Chart 5: ESG Top-Selling Classification Performance versus Conventional Equivalents,
FY 2023 (Percentage Growth)

Source: LSEG Lipper


The three top-selling classifications of the full year are the same as over the first three quarters, so the chart constituents haven’t changed. However, the three-year rankings have seen US sustainable equity funds give up their lead, with the former now lagging by 5.7 percentage points. Conventional funds now lead in all three classifications over the period. That’s likely due to the three-year data now catching 2020’s “vaccine bounce,” when energy stocks roared ahead. Over five, sustainable equities have the edge in Global (by 3.1 percentage points) and Emerging Markets Global (1.9 percentage points) (there aren’t enough US funds to do the calculation over the period).

Over 12 months, sustainable funds in all three sectors lag their conventional peers, as was the case the previous quarter, although the lead is smaller. This, again, may be due to the effect of oil & gas stocks, as they underperformed in Q4, as did value, a factor to which sustainable funds tend to be underexposed.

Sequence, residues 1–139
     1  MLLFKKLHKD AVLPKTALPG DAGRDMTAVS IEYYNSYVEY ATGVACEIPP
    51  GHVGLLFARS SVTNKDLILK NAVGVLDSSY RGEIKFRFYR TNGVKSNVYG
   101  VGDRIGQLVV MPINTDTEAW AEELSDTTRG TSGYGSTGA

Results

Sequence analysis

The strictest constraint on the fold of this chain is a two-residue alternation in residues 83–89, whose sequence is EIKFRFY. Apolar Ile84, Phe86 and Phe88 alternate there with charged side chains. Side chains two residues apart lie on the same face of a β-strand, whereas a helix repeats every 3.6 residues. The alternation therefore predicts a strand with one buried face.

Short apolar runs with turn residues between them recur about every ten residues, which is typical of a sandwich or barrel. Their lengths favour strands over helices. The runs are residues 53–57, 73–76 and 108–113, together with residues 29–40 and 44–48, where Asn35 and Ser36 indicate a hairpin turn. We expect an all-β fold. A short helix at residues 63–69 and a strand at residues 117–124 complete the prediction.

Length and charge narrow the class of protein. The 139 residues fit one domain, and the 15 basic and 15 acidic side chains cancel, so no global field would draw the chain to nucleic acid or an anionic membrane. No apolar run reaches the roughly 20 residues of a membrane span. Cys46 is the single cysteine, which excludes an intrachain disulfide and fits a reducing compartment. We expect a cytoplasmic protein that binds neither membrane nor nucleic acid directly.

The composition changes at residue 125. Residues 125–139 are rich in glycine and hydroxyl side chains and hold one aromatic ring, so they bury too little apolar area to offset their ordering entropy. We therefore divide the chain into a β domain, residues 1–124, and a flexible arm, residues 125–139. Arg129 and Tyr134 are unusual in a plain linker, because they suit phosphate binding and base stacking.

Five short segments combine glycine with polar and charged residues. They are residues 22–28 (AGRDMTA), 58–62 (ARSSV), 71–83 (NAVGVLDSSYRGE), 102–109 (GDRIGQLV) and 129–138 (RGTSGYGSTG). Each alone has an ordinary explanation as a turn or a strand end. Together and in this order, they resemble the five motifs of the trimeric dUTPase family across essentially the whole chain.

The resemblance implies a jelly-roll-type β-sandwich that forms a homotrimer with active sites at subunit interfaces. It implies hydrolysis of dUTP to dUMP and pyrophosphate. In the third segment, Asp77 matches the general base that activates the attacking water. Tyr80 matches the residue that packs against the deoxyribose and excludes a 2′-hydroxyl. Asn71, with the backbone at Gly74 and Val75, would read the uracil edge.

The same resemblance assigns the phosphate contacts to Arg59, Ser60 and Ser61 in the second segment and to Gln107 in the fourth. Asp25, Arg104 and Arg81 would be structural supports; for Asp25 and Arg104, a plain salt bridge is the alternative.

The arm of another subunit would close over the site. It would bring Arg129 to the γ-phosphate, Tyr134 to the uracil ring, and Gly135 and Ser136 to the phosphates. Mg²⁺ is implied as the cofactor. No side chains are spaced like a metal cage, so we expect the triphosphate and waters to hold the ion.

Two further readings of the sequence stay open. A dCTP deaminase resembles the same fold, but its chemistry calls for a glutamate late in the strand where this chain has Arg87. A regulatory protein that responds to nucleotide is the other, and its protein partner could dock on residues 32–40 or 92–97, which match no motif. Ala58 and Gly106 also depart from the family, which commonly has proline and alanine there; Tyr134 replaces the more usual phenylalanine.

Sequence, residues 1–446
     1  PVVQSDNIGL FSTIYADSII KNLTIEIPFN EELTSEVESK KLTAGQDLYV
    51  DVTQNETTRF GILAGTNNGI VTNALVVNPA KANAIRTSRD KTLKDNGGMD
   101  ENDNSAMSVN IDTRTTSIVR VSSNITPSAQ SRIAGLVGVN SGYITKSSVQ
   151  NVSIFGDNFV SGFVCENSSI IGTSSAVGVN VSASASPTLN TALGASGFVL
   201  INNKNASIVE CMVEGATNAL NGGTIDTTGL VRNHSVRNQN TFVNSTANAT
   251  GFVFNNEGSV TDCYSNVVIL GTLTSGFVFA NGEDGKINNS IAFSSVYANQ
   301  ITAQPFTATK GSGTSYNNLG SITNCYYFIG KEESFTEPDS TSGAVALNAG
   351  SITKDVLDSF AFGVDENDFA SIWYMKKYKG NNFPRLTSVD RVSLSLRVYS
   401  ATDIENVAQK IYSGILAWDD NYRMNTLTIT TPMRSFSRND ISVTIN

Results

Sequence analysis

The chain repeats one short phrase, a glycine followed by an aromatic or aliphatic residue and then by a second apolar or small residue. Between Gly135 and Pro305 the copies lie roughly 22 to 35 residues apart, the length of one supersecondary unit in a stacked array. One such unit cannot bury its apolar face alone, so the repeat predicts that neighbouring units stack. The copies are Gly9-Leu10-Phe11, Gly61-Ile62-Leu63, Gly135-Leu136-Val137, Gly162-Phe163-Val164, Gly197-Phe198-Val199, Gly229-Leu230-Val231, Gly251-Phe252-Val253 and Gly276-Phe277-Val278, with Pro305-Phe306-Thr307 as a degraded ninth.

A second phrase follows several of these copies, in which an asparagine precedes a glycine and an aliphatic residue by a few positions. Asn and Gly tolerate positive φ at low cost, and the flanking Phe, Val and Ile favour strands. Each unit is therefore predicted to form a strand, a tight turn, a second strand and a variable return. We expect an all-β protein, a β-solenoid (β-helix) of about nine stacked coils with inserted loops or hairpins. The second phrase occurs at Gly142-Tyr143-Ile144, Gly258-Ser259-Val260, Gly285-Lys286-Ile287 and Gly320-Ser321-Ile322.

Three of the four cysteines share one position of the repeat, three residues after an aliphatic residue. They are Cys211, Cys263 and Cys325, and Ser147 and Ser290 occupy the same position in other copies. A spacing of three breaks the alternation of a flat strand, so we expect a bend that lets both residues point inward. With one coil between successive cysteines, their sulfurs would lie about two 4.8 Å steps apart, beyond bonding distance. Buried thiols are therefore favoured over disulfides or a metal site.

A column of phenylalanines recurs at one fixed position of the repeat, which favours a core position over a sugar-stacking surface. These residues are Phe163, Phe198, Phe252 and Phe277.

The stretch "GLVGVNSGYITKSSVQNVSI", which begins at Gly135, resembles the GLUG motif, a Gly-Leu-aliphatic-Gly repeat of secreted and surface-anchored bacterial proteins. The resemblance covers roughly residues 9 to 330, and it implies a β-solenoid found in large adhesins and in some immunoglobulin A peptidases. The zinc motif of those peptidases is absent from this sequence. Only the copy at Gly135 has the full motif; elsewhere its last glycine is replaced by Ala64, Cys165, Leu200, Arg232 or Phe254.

Flows by Asset Manager

Chart 6: Largest Positive ESG Flows by Promoter, FY 2023 (£bn)

Source: LSEG Lipper


At year-end, BlackRock retains its lead, with £11.31bn of sustainable flows, overwhelmingly to equity funds (£10.1bn). That’s more than £3bn more than the combined flows of the other nine companies in Chart 6, which together took £7.89bn. As previously, HSBC was the only company here to see net flows of money market funds, although smaller than Q1-Q3’s £1.6bn, at £826, while Schroders took the only share of alternatives (£85m), and, as in H1, the largest mixed-assets flows (£660m). Vanguard followed, taking £301m.

BlackRock again leads the way on bond flows, taking £1.12bn—a significant uptick on the previous three quarter’s £214m. Legal & General saw the second-largest bond flows, at £335m.